Proverbs 31:2-9 is introduced as the words of King Lemuel from prophecy that had been taught to him by his mother. Proverbs 31:1 states, "The words of king Lemuel, the prophecy that his mother taught him." Lemuel is mentioned only in this passage in the Bible (Proverbs 31:1, 4). This has left the door open to all kinds of speculation as to his true identity. He has been thought by interpreters to be imaginary, to be Solomon himself, to be Hezekiah, to be a Lemuel who was king of Massa (a play on the Hebrew words), or just some petty Arabian prince. In other words, no one really knows.
The name means "to God" and has the implication of "belonging to God." El (the basic name for God in Hebrew) on the end of Lemuel shows the name to be a compound of God. Personally, I think the name and context points to a poetic reference to Solomon. In Ecclesiastes, Solomon never uses his own name but presents himself seven times as the "Preacher" (Ecclesiastes 1:1, 2, 12; 7:27; 12:8, 9, 10). The shift in emphasis in Proverbs would call for a different construction. Through most of Proverbs, Solomon is giving words of wisdom to his son. In Proverbs 31, King Lemuel is repeating the words of wisdom given to him by his mother.
The advice is clearly advice that Solomon needed to hear. Lemuel's mother warned her son against giving his strength unto women (Proverbs 31:3). This problem directly led to Solomon's decline in later years (1 Kings 11:1-4). She also warned against strong drink (Proverbs 31:4-7). This is something we know Solomon toyed with from his testimony in Ecclesiastes 2:3--"I sought in mine heart to give myself unto wine, yet acquainting mine heart with wisdom; and to lay hold on folly, till I might see what was that good for the sons of men, which they should do under the heaven all the days of their life." Finally, she twice admonished her son: "Open thy mouth" (Proverbs 31:8, 9). He is to open it in the cause who cannot speak for themselves (v.8) and to judge righteously (v.9). We know of Solomon's initial hesitancy and concern in this matter of judging the people from his own testimony in 1 Kings 3:7-9. He saw himself as a child (v.7) and desired God's help to "judge this thy so great a people" (v.9).
The words are also presented as "prophecy" given to Lemuel from his mother (Proverbs 31:2). Prophecy does include the proclamation of God's truth, but it normally has at least an element of foretelling the future. If this refers to Bathsheba and she is telling Solomon how he will need to act when he is king, then it definitely includes a strong element of prophecy, for Solomon was a younger son and therefore not the natural one in line to be king. When David drew close to death and Adonijah set himself up as king, Bathsheba approached him with this plea: "My lord, thou swarest by the LORD thy God unto thine handmaid, saying, Assuredly Solomon thy son shall reign after me, and he shall sit upon my throne" (1 Kings 1:17). David and Bathsheba had talked about it. The choice was to be Solomon. Bathsheba could prophesy the coming reign of her son as she spoke to the young prince Solomon.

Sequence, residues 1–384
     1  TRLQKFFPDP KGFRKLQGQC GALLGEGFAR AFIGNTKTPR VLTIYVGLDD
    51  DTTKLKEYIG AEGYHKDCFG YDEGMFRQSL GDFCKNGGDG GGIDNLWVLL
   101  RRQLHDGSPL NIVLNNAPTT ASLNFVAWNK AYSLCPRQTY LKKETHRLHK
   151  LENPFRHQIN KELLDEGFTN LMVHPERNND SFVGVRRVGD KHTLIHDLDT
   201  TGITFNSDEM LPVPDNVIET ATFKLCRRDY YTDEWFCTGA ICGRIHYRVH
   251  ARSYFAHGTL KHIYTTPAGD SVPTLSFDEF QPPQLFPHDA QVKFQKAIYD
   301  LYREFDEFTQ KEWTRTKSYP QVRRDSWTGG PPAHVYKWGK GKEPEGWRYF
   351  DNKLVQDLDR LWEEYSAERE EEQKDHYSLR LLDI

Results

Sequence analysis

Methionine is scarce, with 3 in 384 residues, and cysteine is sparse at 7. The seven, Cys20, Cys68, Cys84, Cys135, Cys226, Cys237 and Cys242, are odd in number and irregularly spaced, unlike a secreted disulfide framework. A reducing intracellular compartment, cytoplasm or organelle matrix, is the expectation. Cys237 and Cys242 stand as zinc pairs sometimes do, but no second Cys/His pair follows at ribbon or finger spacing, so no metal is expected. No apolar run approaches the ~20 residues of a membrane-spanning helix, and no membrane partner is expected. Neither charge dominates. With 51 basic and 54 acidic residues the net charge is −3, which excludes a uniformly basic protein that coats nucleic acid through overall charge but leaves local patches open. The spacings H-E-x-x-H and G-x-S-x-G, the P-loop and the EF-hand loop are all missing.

One other internal evidence that Lemuel might be a poetic name for Solomon is in the mother's address to her son. Proverbs 31:2 states, "What, my son? and what, the son of my womb? and what, the son of my vows?" Lemuel is the son of her vows. The first son to Bathsheba and David was a son of broken vows. Because of those broken vows, that son had to die (2 Samuel 12:14). However, when Solomon was born, David's sin had been revealed, confessed, and forgiven. God accepted the marriage and the son Solomon.
2 Samuel 12:24 And David comforted Bathsheba his wife, and went in unto her, and lay with her: and she bare a son, and he called his name Solomon: and the LORD loved him.
25 And he sent by the hand of Nathan the prophet; and he called his name Jedidiah, because of the LORD.
Notice, at the birth of Solomon, the Lord loved him. Then, he is called by the "name Jedidiah, because of the LORD." This is the only occurrence of the name Jedidiah in the Bible. It means "beloved of God." Truly, Solomon was the son of Bathsheba's vows. And, the one who was "beloved of God" could also be said to be the one "belonging to God" (meaning of Lemuel). So, although the identity cannot be nailed down with absolute certainty, there is good reason to think that Solomon is here referring to himself.